So far this year, Vietnam has arrested 24 activists and sentenced 38 human rights defenders with a total 282.5 years in prison and 81 years of probation.

The communist nation is holding 244 prisoners of conscience, according to NOW!Campaign, a coalition of 14 domestic and international NGOs, including Defend the Defenders, Boat People SOS (BPSOS), Civil Rights Defenders (CRD) and Front Line Defenders (FLD).


HRW Calls on EU to Postpone Vote on Vietnam Free Trade Agreement

HRW-DTD: The European Parliament and the European Council should postpone the ratification of the proposed EU-Vietnam Free Trade Agreement until the Vietnamese government takes concrete steps to improve its increasingly abusive human rights record, Human Rights Watch said in its statementon January 10.

The statement was made one week prior to a plan of the 28-nation block to make procedural votes on the agreement and one week after the new draconian cybersecurity law, the latest move of the Vietnamese communist regime to restrict rights, came effective.

The European Commission, mandated to negotiate an economic agreement with Vietnam, presented a final version of the deal in October 2018, planning for the European Council and Parliament to give their final approval – necessary for the agreement to enter into force – before European Parliament elections in May.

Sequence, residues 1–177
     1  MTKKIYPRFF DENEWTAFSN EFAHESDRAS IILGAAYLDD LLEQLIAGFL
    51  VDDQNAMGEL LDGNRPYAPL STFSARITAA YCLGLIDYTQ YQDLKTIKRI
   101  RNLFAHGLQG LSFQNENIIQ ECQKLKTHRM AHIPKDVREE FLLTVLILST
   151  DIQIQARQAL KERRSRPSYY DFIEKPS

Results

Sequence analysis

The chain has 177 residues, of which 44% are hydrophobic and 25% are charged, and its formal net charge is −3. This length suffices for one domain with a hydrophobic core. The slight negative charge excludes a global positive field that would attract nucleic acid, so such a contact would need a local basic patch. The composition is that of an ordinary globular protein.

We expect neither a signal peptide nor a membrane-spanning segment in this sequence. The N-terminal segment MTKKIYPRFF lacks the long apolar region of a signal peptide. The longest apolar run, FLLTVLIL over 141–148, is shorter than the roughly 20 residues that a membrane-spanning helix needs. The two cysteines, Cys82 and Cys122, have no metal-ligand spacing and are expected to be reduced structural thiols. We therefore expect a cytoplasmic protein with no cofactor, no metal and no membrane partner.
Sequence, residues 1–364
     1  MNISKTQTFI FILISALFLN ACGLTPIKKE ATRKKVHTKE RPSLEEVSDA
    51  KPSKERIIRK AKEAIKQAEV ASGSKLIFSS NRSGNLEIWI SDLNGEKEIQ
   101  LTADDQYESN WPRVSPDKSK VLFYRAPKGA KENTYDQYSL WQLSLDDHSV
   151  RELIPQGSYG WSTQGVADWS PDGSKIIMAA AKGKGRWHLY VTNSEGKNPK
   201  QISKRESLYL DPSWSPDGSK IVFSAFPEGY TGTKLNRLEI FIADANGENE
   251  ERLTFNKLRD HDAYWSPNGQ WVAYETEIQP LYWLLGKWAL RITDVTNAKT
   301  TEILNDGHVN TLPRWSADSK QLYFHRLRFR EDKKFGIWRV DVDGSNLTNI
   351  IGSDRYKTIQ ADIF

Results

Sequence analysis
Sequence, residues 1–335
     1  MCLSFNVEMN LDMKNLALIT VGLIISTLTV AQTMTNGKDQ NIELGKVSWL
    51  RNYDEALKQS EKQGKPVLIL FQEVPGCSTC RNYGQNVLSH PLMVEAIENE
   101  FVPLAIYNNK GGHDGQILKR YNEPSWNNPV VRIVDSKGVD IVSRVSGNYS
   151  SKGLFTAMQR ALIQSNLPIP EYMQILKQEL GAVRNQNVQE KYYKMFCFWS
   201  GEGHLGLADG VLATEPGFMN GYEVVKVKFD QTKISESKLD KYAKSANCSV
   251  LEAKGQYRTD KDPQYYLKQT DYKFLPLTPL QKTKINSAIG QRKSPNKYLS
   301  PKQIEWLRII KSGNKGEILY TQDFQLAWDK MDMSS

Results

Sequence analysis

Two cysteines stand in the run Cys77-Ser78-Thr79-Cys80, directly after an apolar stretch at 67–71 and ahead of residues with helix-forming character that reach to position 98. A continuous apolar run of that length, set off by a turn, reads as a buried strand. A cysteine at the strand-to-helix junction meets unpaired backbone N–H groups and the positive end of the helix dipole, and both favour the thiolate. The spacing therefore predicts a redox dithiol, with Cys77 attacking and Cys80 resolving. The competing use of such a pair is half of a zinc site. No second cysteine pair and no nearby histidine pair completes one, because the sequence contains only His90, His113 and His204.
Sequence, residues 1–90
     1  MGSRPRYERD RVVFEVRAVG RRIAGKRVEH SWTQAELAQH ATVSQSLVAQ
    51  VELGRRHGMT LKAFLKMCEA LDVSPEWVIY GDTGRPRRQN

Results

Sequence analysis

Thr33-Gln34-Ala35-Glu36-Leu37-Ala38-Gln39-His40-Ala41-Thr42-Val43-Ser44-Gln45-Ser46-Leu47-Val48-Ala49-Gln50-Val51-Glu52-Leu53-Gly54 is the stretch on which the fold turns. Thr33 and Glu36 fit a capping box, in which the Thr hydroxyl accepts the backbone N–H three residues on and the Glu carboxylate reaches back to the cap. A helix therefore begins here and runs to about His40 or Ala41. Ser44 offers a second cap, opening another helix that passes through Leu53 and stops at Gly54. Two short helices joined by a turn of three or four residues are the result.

“Rushing through approval of the free trade agreement with Vietnam would be a grave mistake,” said John Sifton, Asia advocacy director. “It would reward Vietnam for doing nothing, and send a terrible message that past European Union pledges to use trade as a tool to promote human rights around the globe have no credibility.”

“The European Council and European Parliament need to send a clear message that this agreement cannot be adopted until the Vietnamese government gets serious about addressing human rights concerns,” Sifton said. “Vietnam should understand that if Europe delays the agreement, it will have been Hanoi’s fault, not Brussels’.”